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Antioch hires first faculty, gains on accreditation

Antioch College continues its forward motion toward admitting new students next fall, announcing this week that the college has hired its first three tenure-track faculty members. And last week, the revived college received notice that it successfully jumped the first hurdle on the road to gaining accreditation.

“This is very good news,” said consultant Len Clark, regarding the Ohio Board of Regents, or OBR, peer review team’s recommendation that the college be granted provisional approval as a degree-granting institution, pending the OBR chancellor’s official authorization.

“While our application to the Ohio Board of Regents still requires the approval of the chancellor, this is the first formal indication that our planning team has been successful in creating a liberal arts curriculum that is sound and distinct,” said Antioch College Communications Director Gariot Louima this week.

The review team’s recommendation followed a January daylong visit to the college, during which team members met with college leaders, the Morgan Fellows, student support staff and reviewed the school’s finances and curriculum plans.

The OBR provisional approval allows the college to operate in the state, according to OBR Director of Program Approval Shane DeGarmo in an interview last week. And the action clears the way for the college to take the next step in the multi-year process of becoming accredited, by applying for candidacy to the North Central Association, or NCA, the regional accreditation agency.

Clark, who is retired after 26 years as provost and academic dean of Earlham College, is leading Antioch’s effort to gain accreditation following the college’s achieving independence in 2009 from Antioch University.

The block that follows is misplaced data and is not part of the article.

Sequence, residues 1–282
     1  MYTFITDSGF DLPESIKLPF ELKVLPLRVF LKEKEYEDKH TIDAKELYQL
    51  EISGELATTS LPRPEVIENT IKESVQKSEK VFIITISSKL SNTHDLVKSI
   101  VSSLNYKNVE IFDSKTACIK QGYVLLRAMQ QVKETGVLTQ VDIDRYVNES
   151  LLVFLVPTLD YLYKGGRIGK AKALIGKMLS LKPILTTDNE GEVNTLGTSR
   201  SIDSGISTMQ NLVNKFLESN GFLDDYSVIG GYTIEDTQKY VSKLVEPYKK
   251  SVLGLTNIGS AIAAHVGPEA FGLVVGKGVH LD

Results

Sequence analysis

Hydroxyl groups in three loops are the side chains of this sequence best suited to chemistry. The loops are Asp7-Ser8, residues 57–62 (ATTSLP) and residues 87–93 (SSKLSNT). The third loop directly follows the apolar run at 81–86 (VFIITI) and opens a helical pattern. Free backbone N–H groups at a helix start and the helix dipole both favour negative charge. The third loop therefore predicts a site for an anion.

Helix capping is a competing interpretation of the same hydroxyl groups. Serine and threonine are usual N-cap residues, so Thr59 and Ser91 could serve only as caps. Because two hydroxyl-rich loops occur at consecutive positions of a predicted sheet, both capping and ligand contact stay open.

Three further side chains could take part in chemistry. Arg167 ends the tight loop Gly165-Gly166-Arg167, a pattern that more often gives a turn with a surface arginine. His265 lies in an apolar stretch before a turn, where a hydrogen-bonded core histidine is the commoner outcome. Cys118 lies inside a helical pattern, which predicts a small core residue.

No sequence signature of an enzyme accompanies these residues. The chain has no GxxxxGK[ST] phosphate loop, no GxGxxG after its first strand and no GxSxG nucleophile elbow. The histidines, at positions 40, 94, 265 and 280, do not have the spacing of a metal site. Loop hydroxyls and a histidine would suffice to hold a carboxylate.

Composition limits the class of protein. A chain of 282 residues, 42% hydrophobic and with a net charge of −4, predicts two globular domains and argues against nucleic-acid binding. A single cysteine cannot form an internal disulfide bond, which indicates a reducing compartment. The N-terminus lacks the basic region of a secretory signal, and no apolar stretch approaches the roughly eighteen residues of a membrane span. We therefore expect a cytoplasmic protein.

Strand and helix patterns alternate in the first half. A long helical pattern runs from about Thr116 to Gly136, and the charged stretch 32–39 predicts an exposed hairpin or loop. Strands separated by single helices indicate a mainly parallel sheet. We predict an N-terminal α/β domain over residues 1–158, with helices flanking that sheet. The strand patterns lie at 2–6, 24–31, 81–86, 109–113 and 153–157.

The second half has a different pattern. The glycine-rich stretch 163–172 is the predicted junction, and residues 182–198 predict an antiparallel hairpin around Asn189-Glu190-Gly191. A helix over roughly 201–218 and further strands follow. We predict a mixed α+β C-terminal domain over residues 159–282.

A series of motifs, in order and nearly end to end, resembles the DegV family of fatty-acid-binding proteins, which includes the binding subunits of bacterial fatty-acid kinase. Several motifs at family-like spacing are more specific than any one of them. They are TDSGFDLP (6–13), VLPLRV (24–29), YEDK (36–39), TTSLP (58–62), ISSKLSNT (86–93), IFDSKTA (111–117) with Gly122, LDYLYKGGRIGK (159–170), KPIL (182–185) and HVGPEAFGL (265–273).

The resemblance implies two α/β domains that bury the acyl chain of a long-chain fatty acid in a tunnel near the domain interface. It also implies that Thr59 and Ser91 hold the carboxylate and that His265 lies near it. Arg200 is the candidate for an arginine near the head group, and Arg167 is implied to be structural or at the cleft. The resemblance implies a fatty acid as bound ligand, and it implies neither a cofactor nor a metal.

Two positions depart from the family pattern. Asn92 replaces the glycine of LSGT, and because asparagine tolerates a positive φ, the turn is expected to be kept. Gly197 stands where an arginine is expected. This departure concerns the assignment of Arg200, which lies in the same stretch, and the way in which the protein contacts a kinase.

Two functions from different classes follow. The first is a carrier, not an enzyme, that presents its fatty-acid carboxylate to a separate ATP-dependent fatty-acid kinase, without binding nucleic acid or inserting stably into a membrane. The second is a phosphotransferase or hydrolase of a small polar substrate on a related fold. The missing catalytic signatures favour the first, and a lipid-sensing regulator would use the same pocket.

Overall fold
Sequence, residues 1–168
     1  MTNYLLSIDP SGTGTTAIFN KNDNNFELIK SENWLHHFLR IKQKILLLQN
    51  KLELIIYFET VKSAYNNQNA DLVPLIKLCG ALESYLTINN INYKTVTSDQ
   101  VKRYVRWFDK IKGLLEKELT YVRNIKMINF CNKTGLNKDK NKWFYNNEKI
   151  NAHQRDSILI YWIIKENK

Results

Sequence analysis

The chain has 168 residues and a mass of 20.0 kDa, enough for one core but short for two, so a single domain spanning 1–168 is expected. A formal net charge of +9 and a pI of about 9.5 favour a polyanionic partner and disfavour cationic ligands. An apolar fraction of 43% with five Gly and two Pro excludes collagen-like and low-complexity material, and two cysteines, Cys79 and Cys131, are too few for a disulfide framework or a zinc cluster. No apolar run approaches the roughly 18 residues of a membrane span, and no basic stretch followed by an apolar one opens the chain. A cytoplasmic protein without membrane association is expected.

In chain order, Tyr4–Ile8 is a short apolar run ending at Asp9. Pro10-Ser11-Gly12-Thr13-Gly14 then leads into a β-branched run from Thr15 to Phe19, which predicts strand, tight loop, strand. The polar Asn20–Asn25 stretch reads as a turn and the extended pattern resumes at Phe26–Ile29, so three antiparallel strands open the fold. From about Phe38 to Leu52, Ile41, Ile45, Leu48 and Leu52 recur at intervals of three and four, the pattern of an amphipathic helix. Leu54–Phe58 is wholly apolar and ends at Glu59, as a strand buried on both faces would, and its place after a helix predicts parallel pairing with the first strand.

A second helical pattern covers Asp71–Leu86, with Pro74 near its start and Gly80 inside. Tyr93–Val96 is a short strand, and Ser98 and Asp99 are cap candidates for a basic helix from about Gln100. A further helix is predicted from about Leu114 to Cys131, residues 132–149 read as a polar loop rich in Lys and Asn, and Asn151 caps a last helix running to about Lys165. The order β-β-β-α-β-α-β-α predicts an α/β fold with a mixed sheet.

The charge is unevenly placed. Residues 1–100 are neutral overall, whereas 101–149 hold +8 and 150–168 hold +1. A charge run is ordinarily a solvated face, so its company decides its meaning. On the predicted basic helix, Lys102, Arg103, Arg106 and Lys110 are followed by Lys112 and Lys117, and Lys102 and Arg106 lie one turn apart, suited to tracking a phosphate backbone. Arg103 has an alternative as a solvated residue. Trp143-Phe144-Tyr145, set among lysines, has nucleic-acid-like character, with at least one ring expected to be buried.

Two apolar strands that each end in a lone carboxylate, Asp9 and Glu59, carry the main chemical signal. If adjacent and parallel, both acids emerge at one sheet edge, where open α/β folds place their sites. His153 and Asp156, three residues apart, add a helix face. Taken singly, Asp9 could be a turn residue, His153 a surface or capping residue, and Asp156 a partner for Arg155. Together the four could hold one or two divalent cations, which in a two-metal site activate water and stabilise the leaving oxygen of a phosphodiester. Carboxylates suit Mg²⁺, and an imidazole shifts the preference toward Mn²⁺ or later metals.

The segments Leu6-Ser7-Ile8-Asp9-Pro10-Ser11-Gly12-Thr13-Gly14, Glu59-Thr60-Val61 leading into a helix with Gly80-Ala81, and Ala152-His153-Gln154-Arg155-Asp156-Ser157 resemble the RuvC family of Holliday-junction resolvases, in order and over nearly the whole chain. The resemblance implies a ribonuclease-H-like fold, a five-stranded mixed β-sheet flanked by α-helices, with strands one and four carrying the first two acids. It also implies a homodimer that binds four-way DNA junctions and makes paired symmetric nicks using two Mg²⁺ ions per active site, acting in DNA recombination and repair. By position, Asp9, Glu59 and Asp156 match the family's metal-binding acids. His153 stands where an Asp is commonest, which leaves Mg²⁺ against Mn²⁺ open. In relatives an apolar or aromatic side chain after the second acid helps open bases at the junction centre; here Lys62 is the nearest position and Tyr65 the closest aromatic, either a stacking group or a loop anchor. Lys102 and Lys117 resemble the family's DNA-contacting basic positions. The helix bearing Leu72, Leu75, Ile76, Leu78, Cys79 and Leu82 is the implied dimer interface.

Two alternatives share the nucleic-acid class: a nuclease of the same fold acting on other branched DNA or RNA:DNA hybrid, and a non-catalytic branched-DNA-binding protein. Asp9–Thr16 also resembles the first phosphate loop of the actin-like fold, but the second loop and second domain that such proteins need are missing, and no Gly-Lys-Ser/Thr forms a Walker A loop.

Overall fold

The review team’s recommendation was good news because the team could have required significant changes to Antioch’s proposed curriculum that might have compromised the college’s ability to welcome its first students next fall, Clark said. However, the team did not request any curriculum changes, and asked only for clarifications regarding some unusual aspects of the college’s program, he said.

This successful first step toward accreditation “is the result of the hard work by a lot of people, including alumni, the board, the Morgan Fellows, the new president and Matthew,” Clark said, referring to former Antioch Interim President Matthew Derr, who led the college between its 2009 revival and the arrival of new President Mark Roosevelt in January.

First hires announced

This week the college announced that tenure-track positions in cultural anthropology, philosophy and chemistry have been filled. The three positions not yet filled, in Spanish, literature and 3-D art, are expected to be announced in May, according to Louima. Appointments are effective July 18.